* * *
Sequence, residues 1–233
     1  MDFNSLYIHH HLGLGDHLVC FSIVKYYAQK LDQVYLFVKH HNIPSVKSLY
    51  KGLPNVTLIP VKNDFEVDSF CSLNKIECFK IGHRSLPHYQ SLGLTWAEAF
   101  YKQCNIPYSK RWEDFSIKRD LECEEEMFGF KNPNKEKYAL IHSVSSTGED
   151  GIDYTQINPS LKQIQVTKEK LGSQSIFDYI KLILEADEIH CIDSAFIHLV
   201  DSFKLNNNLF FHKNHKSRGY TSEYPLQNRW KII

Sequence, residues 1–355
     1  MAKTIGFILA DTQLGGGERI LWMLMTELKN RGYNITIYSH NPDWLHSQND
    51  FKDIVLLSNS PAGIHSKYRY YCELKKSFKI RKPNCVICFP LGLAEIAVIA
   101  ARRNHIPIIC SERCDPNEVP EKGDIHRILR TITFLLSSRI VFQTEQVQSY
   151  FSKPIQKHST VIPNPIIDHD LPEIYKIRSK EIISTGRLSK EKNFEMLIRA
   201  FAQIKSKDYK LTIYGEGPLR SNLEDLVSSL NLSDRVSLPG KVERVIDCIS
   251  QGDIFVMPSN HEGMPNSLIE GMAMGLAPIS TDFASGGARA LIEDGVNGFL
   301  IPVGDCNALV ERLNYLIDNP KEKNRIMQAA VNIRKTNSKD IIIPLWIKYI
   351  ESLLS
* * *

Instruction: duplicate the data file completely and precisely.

Sequence, residues 1–233
     1  MDFNSLYIHH HLGLGDHLVC FSIVKYYAQK LDQVYLFVKH HNIPSVKSLY
    51  KGLPNVTLIP VKNDFEVDSF CSLNKIECFK IGHRSLPHYQ SLGLTWAEAF
   101  YKQCNIPYSK RWEDFSIKRD LECEEEMFGF KNPNKEKYAL IHSVSSTGED
   151  GIDYTQINPS LKQIQVTKEK LGSQSIFDYI KLILEADEIH CIDSAFIHLV
   201  DSFKLNNNLF FHKNHKSRGY TSEYPLQNRW KII

Sequence, residues 1–355
     1  MAKTIGFILA DTQLGGGERI LWMLMTELKN RGYNITIYSH NPDWLHSQND
    51  FKDIVLLSNS PAGIHSKYRY YCELKKSFKI RKPNCVICFP LGLAEIAVIA
   101  ARRNHIPIIC SERCDPNEVP EKGDIHRILR TITFLLSSRI VFQTEQVQSY
   151  FSKPIQKHST VIPNPIIDHD LPEIYKIRSK EIISTGRLSK EKNFEMLIRA
   201  FAQIKSKDYK LTIYGEGPLR SNLEDLVSSL NLSDRVSLPG KVERVIDCIS
   251  QGDIFVMPSN HEGMPNSLIE GMAMGLAPIS TDFASGGARA LIEDGVNGFL
   301  IPVGDCNALV ERLNYLIDNP KEKNRIMQAA VNIRKTNSKD IIIPLWIKYI
   351  ESLLS